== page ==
Print Сite this

The Testosterone Therapy for Male Sexual Dysfunction: Benefits and Harms

The article “What Are the Benefits and Harms of Testosterone Therapy for Male Sexual Dysfunction? – A Systematic Review” provides advice on the benefits and risks of testosterone treatment in adult men with sexual dysfunction. A study of the potential risks of approved testosterone treatment has been undertaken due to the increased risk of severe cardiovascular events in individuals undergoing this kind of therapy. The purpose of the study is to review the safety and efficacy of testosterone treatment in men with a decline in testosterone levels who suffer from sexual dysfunctions.

We will write a
custom essay
specifically for you

for only $16.05 $11/page
308 certified writers online
Learn More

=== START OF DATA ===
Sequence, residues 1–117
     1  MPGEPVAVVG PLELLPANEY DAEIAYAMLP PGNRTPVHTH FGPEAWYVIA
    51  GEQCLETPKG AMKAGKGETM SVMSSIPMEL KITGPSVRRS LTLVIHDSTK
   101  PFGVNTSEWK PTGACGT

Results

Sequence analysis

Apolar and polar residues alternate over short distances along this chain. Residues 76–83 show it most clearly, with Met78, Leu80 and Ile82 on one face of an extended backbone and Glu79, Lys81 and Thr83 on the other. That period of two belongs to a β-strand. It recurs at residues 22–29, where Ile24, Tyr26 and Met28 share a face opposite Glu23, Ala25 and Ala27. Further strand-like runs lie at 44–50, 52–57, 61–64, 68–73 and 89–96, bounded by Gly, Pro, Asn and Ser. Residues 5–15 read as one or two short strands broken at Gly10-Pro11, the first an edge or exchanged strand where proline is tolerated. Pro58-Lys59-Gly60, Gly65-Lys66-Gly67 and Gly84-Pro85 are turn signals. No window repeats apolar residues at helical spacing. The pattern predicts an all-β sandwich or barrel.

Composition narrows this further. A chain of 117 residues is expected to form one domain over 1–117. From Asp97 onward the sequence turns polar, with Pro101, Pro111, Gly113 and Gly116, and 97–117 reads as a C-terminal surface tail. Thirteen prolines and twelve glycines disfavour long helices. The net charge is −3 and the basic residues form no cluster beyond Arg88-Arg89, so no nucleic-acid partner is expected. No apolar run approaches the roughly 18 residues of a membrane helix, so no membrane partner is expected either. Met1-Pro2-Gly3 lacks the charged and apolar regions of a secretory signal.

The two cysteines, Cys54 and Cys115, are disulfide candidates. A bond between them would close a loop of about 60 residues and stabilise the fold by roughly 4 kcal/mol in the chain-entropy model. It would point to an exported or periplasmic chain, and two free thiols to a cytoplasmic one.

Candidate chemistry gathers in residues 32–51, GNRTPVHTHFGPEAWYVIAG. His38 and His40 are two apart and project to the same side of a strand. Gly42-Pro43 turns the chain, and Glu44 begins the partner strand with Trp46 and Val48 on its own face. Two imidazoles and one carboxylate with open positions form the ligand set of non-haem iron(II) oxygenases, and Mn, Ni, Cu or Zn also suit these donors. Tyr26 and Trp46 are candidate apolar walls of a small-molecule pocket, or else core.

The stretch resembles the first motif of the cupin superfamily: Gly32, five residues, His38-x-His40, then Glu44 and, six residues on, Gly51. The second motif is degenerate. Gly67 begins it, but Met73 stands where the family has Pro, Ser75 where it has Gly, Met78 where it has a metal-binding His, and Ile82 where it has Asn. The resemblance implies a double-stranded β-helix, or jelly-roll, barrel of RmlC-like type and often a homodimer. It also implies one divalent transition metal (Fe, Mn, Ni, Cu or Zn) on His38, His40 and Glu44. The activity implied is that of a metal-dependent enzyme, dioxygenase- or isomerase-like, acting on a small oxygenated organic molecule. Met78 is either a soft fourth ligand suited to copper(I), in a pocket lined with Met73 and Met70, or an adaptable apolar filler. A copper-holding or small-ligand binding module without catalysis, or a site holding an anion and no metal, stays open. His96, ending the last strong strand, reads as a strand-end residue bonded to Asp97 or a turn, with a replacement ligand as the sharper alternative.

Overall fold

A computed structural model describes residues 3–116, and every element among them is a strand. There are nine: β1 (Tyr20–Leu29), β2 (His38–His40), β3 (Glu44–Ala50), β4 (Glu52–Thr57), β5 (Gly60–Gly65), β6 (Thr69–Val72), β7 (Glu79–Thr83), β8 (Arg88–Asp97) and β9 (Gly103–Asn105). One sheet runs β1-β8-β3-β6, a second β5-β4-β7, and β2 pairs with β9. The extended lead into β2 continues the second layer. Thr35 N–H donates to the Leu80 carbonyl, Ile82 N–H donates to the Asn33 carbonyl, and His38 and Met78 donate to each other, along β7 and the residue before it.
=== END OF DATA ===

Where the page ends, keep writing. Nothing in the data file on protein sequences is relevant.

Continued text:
The study was based on current controlled trials and comparative studies. The considered indicators included sexual and physical functions, quality of life, energy and vitality, serious side effects, significant cardiovascular side effects, and other adverse events. The authors searched several databases for articles and systematic reviews. The studied databases included EMBASE, MEDLINE, Cochrane Systematic Reviews, WHO International Clinical Trials Registry Platform, and others (Dimitropoulos et al., 2019). They compared the benefits and risks of testosterone treatment in a sample of adult men over 18 who were either eugonadal or hypogonadal. A review of the evidence identified 25 randomized controlled trials that met the inclusion criteria. 17 RCTs studied hypogonadal men, 2 included eugonadal patients, 3 studied borderline eugonadal men, 2 had mixed participants, and 1 study did not mention the status (Dimitropoulos et al., 2019). A technical panel of experts was also convened to review the evidence and help clarify key issues.